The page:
However, she denounced the fact that there are attacks to discredit our institutions. Specific people based on the distortion of her words and efforts on the issue “and begin unfair attacks, without foundation, with a deep ignorance and ignorance, which do not help us move forward on the issue,” she said.
She also denounced the fact that “There is a lot of money, especially from the United States government, towards five main evangelical churches, which are trying to sabotage many initiatives. They are using this term gender ideology, which was created by a Catholic bishop in the 60s, precisely to discredit the international advances in the field of women’s rights and the thought of Marxist origin in relation to this issue. And our Revolution, as Fidel said, has the right to defend itself, it has the right to defend its social conquests, the rights that have been achieved in the Constitution and in the whole legislative system that is already being changed since the constitutional change”.
As a message to Cuban women, Mariela Castro sent the request that “we study, that we prepare ourselves well, because there are many people who fall into the traps of campaigns to discredit our efforts”.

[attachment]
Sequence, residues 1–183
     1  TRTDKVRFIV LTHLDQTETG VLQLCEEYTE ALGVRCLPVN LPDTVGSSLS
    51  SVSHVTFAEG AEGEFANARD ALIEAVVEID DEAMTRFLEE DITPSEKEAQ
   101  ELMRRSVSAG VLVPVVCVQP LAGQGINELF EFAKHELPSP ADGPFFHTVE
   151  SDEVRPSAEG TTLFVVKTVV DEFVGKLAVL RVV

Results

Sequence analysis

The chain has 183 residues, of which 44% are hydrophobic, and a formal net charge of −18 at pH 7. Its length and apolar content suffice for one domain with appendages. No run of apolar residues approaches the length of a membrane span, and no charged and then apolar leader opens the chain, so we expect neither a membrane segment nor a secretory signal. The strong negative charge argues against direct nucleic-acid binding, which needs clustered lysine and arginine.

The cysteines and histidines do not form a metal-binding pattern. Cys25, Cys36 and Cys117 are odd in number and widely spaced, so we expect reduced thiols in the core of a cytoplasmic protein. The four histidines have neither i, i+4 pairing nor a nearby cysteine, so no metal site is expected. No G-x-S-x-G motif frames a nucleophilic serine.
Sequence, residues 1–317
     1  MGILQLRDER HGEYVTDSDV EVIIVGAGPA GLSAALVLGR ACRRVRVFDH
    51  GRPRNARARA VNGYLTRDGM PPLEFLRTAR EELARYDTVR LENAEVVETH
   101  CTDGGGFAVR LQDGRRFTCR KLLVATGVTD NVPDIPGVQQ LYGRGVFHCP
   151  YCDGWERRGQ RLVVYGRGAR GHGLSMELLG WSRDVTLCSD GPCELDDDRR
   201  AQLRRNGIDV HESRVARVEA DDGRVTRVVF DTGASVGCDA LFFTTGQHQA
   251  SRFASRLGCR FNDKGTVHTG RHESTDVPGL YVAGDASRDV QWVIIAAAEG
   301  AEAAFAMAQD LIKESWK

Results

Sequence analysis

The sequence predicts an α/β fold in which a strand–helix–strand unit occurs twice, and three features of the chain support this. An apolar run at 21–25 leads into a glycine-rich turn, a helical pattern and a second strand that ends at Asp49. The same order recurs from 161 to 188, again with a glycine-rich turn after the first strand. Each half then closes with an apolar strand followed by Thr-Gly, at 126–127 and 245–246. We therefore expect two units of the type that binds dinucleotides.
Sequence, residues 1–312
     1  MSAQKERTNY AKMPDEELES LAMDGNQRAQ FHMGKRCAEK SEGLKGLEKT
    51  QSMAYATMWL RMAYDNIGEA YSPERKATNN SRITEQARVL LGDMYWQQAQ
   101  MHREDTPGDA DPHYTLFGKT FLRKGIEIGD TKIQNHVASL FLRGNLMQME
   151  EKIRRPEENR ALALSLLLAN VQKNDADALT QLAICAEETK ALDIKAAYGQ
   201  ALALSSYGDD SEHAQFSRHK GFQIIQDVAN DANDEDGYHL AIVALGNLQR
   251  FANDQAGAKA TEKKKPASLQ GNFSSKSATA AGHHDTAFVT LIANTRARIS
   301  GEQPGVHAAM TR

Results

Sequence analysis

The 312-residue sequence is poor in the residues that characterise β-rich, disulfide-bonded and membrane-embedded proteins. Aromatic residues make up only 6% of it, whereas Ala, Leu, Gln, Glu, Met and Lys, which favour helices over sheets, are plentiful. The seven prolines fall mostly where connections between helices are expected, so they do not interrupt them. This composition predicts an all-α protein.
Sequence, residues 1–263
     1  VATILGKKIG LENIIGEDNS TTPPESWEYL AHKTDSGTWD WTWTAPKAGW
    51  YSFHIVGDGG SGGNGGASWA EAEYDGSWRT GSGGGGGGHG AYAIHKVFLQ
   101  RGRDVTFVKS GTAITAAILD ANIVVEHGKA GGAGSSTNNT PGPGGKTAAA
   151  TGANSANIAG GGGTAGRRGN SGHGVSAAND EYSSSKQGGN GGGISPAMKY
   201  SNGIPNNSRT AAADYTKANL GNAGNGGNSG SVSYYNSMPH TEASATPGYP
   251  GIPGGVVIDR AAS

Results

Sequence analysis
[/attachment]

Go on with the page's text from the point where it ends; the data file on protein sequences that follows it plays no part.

She also called for not acting in isolation: “we have to unite, make alliances, because every time we make alliances and unite, we achieve effectiveness, we really achieve changes, so we do not play into the hands of the enemies of the Revolution, we unite among the organizations and institutions that are really working and that are open to all the ideas that are truly sincere and committed to revolutionary work.
In the middle of the National Day Against Violence Against Women and Girls, Mariela Castro Espín, about the origins of this social problem, said that it comes from centuries and has been expressed from a place of power. She also emphasized the role of the Catholic Church and how it has promoted nine centuries of persecution against women.
Today, she said, there are countries where women are totally enslaved and suffer greatly. Already in the 1970s, she explained, more specific terms emerged, such as femicide, which mainly alludes, from the work that Mexican anthropologist Marcela Lagarde has developed, to the irresponsibility and abandonment of the state in the face of the problem. There are studies that differentiate what is a homicide from a femicide and characterize them.